I didn’t expect this to happen. I didn’t expect all of my free time to be absorbed and continuously sucked in. It has been almost two years since I placed my hands on Persona 3: FES, and now I have my hands on its portable sibling: Persona 3 Portable for the PSP. Have I missed playing the game that much?
Perhaps I have missed it. I smiled at the screen over the hours, remembering the various characters and their plight to stop the shadows. This time around, the female protagonist provides a pleasant “what if” scenario. It’s nice to see the new social links, especially those with your party members. Junpei and Akihiko are some of the newest examples and give their characters more depth than previously seen.
As such, the game plays out almost the same as its twin. Your protagonist goes to school, interacts with people to make links (the stronger the bond, the stronger the persona of that arcana during fusion), raises characteristics (courage, academics and charm), have a part time job and explores the nightmarish labyrinth known as “Tartarus.” However, you no longer run around in a 3-D world during the day. You “click” on hotspots on a map. These range from simple stairs, people you can talk to, objects you can inspect and, of course, social links. It all runs very smoothly and keeps the action marching forward. Load times are quite reasonable. It’s only when you begin to explore the floors of Tartarus that the game’s loading times are on par with the PlayStation 2.
But it comes at a price: Part of the game’s narrative is lost. You don’t get to see every little action and gesture like in the original. Some of the movies, especially those in the beginning, have been compressed or reduced to a simple cutscene to fit onto the disc. As such, there is a bit of a show-versus-tell problem. Thankfully, the portraits are retained, their faces moving to the dialogue occurring in front of them.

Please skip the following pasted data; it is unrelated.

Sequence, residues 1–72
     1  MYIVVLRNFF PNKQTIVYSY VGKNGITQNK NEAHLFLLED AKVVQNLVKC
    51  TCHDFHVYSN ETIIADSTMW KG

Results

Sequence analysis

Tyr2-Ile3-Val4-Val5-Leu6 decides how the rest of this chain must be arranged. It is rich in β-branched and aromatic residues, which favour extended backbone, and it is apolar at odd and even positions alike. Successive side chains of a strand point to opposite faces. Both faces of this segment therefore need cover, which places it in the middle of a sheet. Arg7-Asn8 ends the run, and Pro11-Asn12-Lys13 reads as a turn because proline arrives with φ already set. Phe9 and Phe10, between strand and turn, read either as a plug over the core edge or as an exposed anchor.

Exploring Tartarus is still done in 3-D. You run around the floors, exploring and hunting down shadows. If you feel like fighting, attack a shadowy blob. If not, run around them. Some floors will house weak or potent creatures (a “shadow den,” if you will), and the clock on the ground floor might heal everyone for a reduced priced. This time around, the date influences which party members can come. Most of the time, everyone can go. But as mentioned, previous engagements might keep them away. Examples of this are the ever popular mid and final exams.
Furthermore, battle’s system of “1 More” has been further refined. Right from the get-go, you can assume control of your allies and equip them from the menu screen. In the original, multiple hit abilities had to cause a “critical” attack on all of them to earn an extra turn. Now as long as one critical hit occurs, it will count. Furthermore, whenever a critical hit occurs, there is a chance that one of your allies will offer to join you in a co-op attack. This is a guaranteed critical hit.
The Velvet Room returns as well. It’s just as you remember it: soothing opera music, opportunities to fuse and record personas, take sidequests and read entries on the personas. The main thing is now you have opportunity to choose between Elizabeth and Theo. The inclusion of Theo, while he has the same personality as Elizabeth, nicely balances out the inclusion of the female protagonist.
Sound design wise, this is almost exactly how you remember Persona 3. The slashing of swords, the fast whiz of arrows, the burns of fire, coolness of ice, wind ... and so forth. The music has been remixed. One of the tunes has been removed, while a few have been added. But the soundtrack is still as “funky,” or eclectic if you prefer, as ever. The same techno piano music heard during exploration, the heavy guitar riffs during boss battles, a Japanese pop song heard during free time, the dorm’s rap song and the ever-popular horn fare for social interactions. What constantly amazes me is how much voice acting is on the disc. Every important plot point is fully voiced by the original cast. It’s still amusing and poignant as the original.
As such, I love Persona 3 Portable almost as much as the original. I miss the original’s method of showing the plot, but it feels like a small price to pay to make a game portable. The compromises necessary to make it work are minor. The essence of Persona 3 remains intact. Here is one of those rare games that feels completely natural on the big screen as it does nestled between two hands. This is one of those games that will have its fans awake past their bed times and other obligations.
Thus, even if you own the PS2 version, it is still worth the admission. You have two different sides of the same story for the price of one. The game has been rebalanced and is just as fun. While I am still partial to the PS2 version, Persona 3 Portable is able to stand on its own two feet just as well as its siblings. And if you own a PSP and not a PS2, then you really should add this to your gaming library. So, let us return to the night. It is still young, and there is time to let the shadows play.